This letter was written by Pvt. Edgar A. Warner (1841-1863) of the 126th New York Infantry, Company K.
Warner was born in Hopewell, New York, and by occupation was a farmer. He enlisted 31 July 1862, aged twenty-one years, and was in the battles of Harper’s Ferry, Gettysburg, and Auburn Ford before being mortally wounded in the Battle of Bristoe Station on 14 October 1863. Pvt. Warner was taken to 2nd Division Hospital in Alexandria (in a Baptist Church) where he was treated for a gunshot wound to the lungs but he died on 16 October 1863 and was buried initially in Alexandria National Cemetery, Section A, Plot 1014. It seems that his body was later exhumed and probably returned to his home in upstate New York (see comment below).
Edgar was the son of Calvert C. Warner (1821-1897) and Eunice V. Latting (1823-18xx) of Canandaigua, Ontario County, New York. Calvin was a miller by trade. Edgar wrote this letter to his parents as well as his sister, Caroline E. Warner (b. 1845).
Addressed to Mr. Calvert C. Warner, Canandaigua, Ontario County, New York
Union Mills, Virginia
February 1st 1863
Dear Mother & Sister,
I received your kind letter of the 26th and was glad to hear that you were well. I have got over the mumps now and will be able to go on duty tomorrow. They have taken Jeff Moore ¹ to the hospital again. He warent quite well — not so as to be able to do duty. The doctor thought he had better go to the hospital and stay a spell longer.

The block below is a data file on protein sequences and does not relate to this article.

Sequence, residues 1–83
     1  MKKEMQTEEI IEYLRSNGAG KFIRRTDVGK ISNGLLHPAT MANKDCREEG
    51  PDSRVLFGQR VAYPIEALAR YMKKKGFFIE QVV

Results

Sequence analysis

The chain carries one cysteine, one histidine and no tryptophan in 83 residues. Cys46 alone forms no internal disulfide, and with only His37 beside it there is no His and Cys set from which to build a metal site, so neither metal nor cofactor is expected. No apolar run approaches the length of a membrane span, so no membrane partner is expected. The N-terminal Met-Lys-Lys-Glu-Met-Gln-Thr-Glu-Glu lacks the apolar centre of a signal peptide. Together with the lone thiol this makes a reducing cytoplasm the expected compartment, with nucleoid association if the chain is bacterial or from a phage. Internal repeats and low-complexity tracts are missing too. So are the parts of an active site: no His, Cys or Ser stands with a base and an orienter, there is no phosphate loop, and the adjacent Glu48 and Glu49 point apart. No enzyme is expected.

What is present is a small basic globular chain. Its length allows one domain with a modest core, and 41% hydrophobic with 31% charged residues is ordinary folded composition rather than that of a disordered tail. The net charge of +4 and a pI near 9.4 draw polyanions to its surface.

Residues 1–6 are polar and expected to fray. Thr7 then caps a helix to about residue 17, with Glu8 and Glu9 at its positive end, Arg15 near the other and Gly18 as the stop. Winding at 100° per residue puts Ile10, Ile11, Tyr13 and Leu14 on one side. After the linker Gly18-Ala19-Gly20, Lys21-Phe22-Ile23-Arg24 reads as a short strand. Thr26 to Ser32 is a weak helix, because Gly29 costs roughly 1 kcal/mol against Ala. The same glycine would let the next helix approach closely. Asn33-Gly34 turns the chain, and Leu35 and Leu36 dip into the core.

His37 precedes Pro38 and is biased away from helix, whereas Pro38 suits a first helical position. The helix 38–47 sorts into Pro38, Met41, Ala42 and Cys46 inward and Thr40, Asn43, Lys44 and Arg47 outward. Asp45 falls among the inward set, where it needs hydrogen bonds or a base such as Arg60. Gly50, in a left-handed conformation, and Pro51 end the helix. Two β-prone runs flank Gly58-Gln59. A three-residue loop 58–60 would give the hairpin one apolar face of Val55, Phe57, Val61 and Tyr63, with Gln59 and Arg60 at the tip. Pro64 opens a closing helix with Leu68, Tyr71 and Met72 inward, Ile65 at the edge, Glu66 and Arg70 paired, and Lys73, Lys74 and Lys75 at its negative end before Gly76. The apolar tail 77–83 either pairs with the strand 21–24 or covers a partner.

I don’t think father had ought to lose that waggon and pay the note besides. I should think Saxton ought to be satisfied with that. Father can do as he has a mind to about it.
I have got plenty of good clothes and three pairs of socks. You may send me a pair of boots if you want to. I will want nines, I guess. If you can get ki__ with three soles on if you can get them, and good long legs. Father can tell about what I want by trying them on. Julia said you was all anxious to send a box so I wrote to her and told her to send it along. I am going to send both letters Monday. The mail don’t go out today. You may send me some tobacco chewing and I don’t care what else — whatever you have got to send. I have wrote the directions in Julia’s letter. This is all I can think of this time for my stock of news has all run out.
From your affectionate son & brother, — E. A. Warner to his mother & sister
Jeff says give his best respects to Lydia. Give her mine too. Send the boxes soon as you can get it ready. E. A. Warner
¹ Thomas Jefferson (“Jeff”) Moore enlisted in Company K of the 126th New York on 12 August 1862 at Canandaigua to serve three years. He was taken prisoner on 15 September 1862 and paroled the following day at Harper’s Ferry when the entire garrison surrendered to Stonewall Jackson’s men on their way to Antietam. We learn from this letter that Jeff was seriously ill in early February 1863; he died of “lung inflammation” on 10 April 1863 at the Fairfax Street Hospital — a former hotel called the Mansion House — in Alexandria, Virginia.